Forbes (2019) Why Is Serena Williams The Only Woman On The List Of The 100 Highest-Paid Athletes? Available at: https://www.forbes.com/sites/kimelsesser/2019/06/14/why-is-serena-williams-the-only-woman-on-the-list-of-100-highest-paid-athletes/?sh=32725625fa98 (Accessed: 26 January 2021)
Forbes (2021) Highest Paid Athletes in the World 2020. Available at: https://www.forbes.com/athletes/#73e586aa55ae (Accessed: 18 January 2021)
Golf Support (2016) How Big is Golf’s Gender Pay Gap? Available at: https://golfsupport.com/blog/golfs-gender-pay-gap (Accessed: 21 January 2021).
Guardian (2019) We can gauge popularity of women’s football. Time to up the prize money. Available at: https://www.theguardian.com/football/2019/oct/22/womens-football-prize-money-world-cup (Accessed: 26 January 2021).
Guardian (2020) FA hits target with 3.4m women and girls playing football in England. Available at: https://www.theguardian.com/football/2020/may/14/fa-hits-target-to-double-womens-football-participation-in-three-years-england-gameplan-for-growth#:~:text=The%20number%20of%20women%20and,Gameplan%20for%20Growth%20in%202017. (Accessed: 26 January 2021)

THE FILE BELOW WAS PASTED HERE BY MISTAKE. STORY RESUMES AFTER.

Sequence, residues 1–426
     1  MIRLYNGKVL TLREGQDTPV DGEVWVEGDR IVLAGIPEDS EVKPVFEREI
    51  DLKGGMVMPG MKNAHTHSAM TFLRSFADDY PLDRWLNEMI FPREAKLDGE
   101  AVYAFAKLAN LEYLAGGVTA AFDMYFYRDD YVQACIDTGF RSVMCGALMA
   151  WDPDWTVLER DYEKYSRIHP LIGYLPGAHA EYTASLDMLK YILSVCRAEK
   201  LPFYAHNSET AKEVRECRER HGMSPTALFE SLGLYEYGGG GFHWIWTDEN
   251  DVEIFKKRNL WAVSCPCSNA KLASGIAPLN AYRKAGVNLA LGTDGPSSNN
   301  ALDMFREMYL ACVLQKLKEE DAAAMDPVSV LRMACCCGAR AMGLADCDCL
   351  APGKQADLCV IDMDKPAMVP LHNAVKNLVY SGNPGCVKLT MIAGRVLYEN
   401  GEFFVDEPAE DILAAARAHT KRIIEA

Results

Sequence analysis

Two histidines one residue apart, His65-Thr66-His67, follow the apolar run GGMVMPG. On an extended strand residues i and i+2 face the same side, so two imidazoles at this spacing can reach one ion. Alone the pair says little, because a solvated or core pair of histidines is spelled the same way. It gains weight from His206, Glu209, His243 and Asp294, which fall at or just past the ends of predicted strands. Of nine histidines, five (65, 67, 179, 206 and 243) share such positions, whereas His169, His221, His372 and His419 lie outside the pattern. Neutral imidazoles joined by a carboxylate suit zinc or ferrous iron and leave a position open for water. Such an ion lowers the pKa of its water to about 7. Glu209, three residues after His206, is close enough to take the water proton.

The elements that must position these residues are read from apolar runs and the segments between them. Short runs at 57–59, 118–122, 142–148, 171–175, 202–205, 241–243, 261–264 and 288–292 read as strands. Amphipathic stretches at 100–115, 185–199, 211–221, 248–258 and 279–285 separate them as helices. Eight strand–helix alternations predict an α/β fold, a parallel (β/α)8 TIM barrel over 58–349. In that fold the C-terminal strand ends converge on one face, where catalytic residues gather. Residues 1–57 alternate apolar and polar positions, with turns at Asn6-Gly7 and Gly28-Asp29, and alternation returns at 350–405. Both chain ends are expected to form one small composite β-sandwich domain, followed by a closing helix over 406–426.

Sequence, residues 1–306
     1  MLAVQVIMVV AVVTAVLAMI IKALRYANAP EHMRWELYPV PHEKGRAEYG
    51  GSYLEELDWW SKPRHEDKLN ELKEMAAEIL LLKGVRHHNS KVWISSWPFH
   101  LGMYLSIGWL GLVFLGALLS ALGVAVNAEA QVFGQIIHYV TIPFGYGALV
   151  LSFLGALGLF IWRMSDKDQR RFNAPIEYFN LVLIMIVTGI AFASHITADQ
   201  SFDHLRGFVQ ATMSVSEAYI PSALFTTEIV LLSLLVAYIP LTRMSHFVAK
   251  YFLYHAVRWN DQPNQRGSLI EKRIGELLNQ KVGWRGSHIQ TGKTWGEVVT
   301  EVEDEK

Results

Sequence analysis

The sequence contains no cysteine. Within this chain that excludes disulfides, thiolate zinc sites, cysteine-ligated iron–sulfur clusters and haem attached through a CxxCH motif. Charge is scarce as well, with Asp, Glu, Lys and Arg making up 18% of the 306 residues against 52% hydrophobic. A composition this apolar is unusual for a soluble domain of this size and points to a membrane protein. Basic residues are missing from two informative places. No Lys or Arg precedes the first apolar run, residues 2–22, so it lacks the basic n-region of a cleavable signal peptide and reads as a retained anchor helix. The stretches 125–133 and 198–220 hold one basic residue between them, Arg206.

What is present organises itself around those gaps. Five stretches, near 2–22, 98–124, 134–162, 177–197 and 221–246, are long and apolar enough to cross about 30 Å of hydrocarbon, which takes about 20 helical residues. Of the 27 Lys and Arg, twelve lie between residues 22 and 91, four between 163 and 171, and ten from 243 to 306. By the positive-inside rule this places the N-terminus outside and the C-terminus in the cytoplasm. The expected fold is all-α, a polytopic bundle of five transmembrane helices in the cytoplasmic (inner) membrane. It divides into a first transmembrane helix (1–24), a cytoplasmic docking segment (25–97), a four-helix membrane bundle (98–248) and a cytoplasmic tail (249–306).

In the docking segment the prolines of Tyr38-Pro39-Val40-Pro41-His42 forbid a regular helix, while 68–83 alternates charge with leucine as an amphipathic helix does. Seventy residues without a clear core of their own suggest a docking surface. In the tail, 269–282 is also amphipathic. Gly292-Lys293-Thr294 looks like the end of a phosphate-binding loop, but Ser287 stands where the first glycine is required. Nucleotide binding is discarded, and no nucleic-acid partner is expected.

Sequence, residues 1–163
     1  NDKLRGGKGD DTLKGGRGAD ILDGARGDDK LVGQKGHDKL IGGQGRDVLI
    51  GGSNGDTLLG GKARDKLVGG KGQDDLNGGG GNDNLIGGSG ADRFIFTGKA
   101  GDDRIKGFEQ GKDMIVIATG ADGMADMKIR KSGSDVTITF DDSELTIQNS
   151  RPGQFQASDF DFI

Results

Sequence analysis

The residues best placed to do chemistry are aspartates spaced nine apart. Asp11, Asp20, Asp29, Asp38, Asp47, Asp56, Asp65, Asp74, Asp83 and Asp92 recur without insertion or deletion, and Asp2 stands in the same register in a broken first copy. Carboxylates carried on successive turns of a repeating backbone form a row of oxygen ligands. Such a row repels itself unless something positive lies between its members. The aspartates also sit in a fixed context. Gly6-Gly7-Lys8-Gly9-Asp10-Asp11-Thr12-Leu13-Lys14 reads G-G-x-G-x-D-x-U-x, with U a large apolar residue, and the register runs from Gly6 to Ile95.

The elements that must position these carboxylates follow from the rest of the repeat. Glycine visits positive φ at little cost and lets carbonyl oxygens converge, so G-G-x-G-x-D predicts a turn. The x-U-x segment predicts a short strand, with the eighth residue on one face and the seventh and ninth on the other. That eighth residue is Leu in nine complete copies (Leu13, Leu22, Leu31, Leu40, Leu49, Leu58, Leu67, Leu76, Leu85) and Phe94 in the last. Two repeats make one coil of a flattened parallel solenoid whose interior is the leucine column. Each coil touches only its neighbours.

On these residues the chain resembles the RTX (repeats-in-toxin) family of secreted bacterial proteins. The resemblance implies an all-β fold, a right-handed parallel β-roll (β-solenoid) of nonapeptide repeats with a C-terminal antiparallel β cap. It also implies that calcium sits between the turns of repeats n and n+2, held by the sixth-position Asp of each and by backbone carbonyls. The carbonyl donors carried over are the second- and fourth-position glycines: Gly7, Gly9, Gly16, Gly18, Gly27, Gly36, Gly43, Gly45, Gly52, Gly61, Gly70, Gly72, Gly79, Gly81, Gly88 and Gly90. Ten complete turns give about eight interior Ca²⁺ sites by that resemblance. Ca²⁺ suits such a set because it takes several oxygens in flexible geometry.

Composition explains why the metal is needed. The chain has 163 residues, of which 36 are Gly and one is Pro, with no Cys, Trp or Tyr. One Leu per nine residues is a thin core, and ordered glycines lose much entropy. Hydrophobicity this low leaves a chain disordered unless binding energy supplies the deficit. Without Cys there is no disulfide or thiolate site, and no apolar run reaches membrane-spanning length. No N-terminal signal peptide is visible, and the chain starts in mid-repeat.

IBC (2020) Sky Sports Aims to Diversify Audiences for Women’s Sport. Available at: https://www.ibc.org/trends/sky-sports-aims-to-diversify-new-audiences-for-womens-sport/5552.article (Accessed: 23 January 2021).
Luxurious Magazine (2020) Six Nations Gender Pay Gap is One of the Worst in Sport. Available at: https://www.luxuriousmagazine.com/six-nations-gender-pay-gap/ (Accessed: 21 January 2021).
Olympic Games (2021) Women at the Olympic Games. Available at: https://www.olympic.org/women-in-sport/background/statistics (Accessed: 26 January).
Tennis Majors (2020) 1968, Open era: The moment tennis opted to become a modern sport. Available at: https://www.tennismajors.com/our-features/long-form-our-features/1968-open-era-the-moment-tennis-opted-to-become-a-modern-sport-228622.html (Accessed 26 January, 2021).
US Open (2018) 50 Moments that Mattered: US Open offers equal prize money. Available at: https://www.usopen.org/en_US/news/articles/2018-08-21/50_moments_that_mattered_us_open_is_first_grand_slam_tournament_to_offer_equal_prize_money.html (Accessed 26 January 2021).
Wimbledon (2020) About Wimbledon: History – 1880s. Available at: https://www.wimbledon.com/en_GB/aboutwimbledon/history_1880s.html (Accessed: 26 January 2021).
Women in Sport (2018) Where are all the women? Available at: https://www.womeninsport.org/wp-content/uploads/2018/10/Where-are-all-the-Women-1.pdf (Accessed: 26 January 2021).
World Triathlon (2016) Female participation in ITU races increases. Available at: https://www.triathlon.org/news/article/female_participation_in_itu_races_increases (Accessed: 20 January 2021).